Our research focuses on the complex host-virus interactions that result in viral persistence. Herpesviruses are extraordinary for their ability to coexist with their host by establishing life-long latent infections. During latency, viral genomes are maintained in the absence of virus production; however, the virus retains the ability reactivate its replication in response to stress or immune deficiency or other host cues. Our laboratory studies cytomegalovirus or CMV, one of the eight human herpesviruses.
CMV is remarkable in that it persists latently in 60-99% of the population worldwide, generally in the absence of disease in the healthy host. Reactivation of CMV from latency poses life-threatening disease risks in immunocompromised individuals, including transplant, AIDS and cancer patients. CMV infection is also the leading cause of infectious disease-related birth defects, affecting 1 in 150 live births in the US. The health cost of latent coexistence of CMV is just beginning to emerge in an association to age-related pathologies including atherosclerosis, immune dysfunction and frailty. The key to eradicating CMV lies in understanding latency in order to ultimately develop novel antiviral strategies targeting latently infected cells.
The overeaching goal of our research is to define the molecular basis of persistence by defining viral and host determinants important to viral persistence and the mechanisms by which these determinants function in relevant cell models. We take genetic approaches to identify viral genes important to latency and then the host pathways targeted by these viral factors. This approach allows us to define the viral factors regulating entry into and exit from latency, as well as defining host processes that the virus has evolved to control. In this way, the virus is an important tool that often reveals interesting and novel cell biology. These approaches have led the lab to focus on CMV manipulation and regulation of host trafficking and signaling and how this regulation feeds back to impact viral gene expression.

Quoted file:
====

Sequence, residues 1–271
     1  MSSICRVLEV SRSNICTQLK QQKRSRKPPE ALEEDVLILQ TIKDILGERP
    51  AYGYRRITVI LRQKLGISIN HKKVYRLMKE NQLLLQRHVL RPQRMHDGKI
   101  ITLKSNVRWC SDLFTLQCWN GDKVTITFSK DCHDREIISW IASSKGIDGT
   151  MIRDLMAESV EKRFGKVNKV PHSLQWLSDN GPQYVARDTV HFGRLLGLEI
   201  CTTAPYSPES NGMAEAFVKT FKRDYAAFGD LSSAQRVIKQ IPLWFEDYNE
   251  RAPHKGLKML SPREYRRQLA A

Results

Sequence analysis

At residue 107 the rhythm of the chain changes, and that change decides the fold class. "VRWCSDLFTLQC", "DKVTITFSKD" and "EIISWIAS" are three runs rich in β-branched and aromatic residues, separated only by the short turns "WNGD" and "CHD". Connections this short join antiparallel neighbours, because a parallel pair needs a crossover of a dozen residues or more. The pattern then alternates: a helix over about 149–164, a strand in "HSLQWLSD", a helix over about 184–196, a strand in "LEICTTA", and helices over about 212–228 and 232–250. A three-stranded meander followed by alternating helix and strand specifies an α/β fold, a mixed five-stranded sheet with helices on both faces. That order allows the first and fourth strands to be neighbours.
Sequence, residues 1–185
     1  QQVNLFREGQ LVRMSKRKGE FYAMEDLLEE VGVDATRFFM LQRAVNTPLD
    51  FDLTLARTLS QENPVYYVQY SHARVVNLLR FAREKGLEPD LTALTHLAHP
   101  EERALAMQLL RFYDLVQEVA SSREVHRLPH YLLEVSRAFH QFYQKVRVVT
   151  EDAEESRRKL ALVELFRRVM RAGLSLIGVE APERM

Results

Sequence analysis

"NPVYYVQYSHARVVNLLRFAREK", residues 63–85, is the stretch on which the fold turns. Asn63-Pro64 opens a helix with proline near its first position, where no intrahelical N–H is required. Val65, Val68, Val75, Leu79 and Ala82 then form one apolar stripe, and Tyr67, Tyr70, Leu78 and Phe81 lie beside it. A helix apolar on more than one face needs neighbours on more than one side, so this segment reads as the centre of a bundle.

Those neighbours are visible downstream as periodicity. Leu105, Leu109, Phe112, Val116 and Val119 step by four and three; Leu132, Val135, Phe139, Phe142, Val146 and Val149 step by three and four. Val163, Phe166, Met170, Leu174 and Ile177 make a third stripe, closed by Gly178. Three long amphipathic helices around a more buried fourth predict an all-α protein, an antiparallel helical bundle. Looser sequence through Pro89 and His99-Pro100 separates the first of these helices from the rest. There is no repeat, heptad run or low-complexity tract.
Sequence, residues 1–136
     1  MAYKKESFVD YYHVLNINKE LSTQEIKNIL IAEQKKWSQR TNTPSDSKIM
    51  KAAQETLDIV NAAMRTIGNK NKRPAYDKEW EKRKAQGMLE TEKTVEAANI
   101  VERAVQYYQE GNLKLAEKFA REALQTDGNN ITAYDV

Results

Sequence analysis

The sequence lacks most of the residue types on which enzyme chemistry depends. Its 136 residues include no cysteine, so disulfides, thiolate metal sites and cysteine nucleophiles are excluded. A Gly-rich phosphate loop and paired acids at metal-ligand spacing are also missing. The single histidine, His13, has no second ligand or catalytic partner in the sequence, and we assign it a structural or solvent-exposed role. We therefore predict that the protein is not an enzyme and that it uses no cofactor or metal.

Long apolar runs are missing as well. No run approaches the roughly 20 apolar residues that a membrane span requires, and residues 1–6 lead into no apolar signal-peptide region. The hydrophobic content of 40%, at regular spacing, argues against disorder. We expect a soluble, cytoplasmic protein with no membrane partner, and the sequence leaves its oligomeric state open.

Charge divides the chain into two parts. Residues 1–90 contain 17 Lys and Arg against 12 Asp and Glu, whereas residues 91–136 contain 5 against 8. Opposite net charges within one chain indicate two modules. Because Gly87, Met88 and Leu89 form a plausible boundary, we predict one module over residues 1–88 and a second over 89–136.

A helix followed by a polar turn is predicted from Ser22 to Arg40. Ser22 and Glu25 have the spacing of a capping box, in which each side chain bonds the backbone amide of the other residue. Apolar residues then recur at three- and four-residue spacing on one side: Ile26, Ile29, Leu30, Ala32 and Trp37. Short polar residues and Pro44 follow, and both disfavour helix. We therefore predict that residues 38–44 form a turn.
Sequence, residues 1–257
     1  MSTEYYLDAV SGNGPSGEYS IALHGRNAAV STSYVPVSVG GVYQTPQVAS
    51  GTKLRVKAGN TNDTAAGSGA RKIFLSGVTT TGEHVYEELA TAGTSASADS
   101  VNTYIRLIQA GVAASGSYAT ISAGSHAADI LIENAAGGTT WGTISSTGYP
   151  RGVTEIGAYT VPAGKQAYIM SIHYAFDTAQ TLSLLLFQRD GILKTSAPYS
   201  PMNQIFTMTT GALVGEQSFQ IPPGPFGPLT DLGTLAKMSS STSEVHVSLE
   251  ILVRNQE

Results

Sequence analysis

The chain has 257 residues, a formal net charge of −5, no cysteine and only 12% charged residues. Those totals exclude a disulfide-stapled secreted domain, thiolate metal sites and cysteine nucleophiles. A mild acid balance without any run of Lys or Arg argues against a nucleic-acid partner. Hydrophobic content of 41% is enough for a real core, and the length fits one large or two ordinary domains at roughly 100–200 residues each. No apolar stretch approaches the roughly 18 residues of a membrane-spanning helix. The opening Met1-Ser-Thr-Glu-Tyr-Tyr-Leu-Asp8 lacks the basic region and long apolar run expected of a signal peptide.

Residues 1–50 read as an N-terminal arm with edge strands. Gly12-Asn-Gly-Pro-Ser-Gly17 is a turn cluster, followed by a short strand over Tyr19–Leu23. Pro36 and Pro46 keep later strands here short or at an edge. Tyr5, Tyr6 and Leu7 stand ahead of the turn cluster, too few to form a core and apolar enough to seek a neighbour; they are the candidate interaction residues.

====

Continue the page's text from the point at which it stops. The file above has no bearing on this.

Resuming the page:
Current Projects include:
• Viral Determinants of Latency. CMV encodes >170 genes, most of which are dispensable for replication of the virus in cultured fibroblasts. We hypothesize that genes dispensable for replication in fibroblasts are essential for modulating infection and persistence in cell types relevant to infection in the host. Using a reverse genetics approach, we defined UL138 as a suppressor of productive HCMV replication in CD34+ hematopoietic progenitor cells, a postulated site of latency (Goodrum et al., Blood2007, Petrucelli et al., J. Virol 2009). The protein encoded by UL138, pUL138, is dispensable for virus replication in fibroblasts, but required for the establishment of an experimental latency in HPCs infected in vitro. pUL138 is encoded within a polycistronic locus encoding three additional proteins, pUL133, pUL135 and pUL136, in addition to pUL138 (Grainger, et al., J Virol 2010). While the UL133-UL138 locus is dispensable for replication in fibroblasts (model for replication), it augments replication in endothelial cells (model for chronic infection) and suppresses replication in CD34+ HPCs (model for latency) (Umashankar, et al., PLoS Pathogens 2011), indicating context-dependent functions of these genes. Our research program is focused on characterizing the proteins expressed from the UL133-UL138 locus and their interplay in modulating host pathways to define their mechanism of action in the infected cell.
• Host signaling. We have identified antagonistic functions of two viral proteins, UL138 and UL135. UL138 suppresses virus replication for latency, whereas UL135 is critical for overcoming the virus-imposed restriction to replication for reactivation. Both UL135 and UL138 interact with epidermal growth factor receptor (EGFR), but with opposing effects. UL135 targets EGFR for degradation, whereas UL138 recycles EGFR back to the cell surface where it can continue to signal. EGFR is a major regulator of signaling in the host cell controlling cell survival, differentiation, proliferation, and, as such, represents an important host control point for the virus. HCMV-mediated manipulation of EGFR trafficking and signaling is an important mechanism regulating entry into and exit from latency.